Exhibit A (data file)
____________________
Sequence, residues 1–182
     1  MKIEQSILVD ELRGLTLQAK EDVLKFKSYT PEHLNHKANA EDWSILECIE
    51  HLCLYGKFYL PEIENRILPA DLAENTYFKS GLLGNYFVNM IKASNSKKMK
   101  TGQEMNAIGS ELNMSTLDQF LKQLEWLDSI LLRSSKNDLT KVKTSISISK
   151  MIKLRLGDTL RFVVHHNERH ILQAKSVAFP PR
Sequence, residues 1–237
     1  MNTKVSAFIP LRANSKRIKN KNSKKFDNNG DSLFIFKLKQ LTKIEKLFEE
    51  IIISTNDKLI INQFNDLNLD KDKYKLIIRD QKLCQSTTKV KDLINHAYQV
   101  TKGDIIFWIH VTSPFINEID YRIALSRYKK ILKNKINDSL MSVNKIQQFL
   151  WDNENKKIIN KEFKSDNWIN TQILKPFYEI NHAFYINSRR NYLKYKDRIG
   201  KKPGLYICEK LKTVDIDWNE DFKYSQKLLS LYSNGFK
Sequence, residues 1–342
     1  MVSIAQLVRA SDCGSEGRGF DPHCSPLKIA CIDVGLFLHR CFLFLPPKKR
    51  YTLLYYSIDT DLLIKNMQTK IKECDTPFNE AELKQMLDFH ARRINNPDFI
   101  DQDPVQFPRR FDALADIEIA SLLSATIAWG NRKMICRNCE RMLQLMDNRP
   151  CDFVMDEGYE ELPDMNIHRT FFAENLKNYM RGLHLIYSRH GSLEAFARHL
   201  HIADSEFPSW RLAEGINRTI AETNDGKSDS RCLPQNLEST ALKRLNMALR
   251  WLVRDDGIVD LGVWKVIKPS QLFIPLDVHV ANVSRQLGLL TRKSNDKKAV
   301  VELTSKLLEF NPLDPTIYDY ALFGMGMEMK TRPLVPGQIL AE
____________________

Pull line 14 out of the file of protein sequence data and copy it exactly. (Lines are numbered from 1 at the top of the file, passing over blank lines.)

    51  YTLLYYSIDT DLLIKNMQTK IKECDTPFNE AELKQMLDFH ARRINNPDFI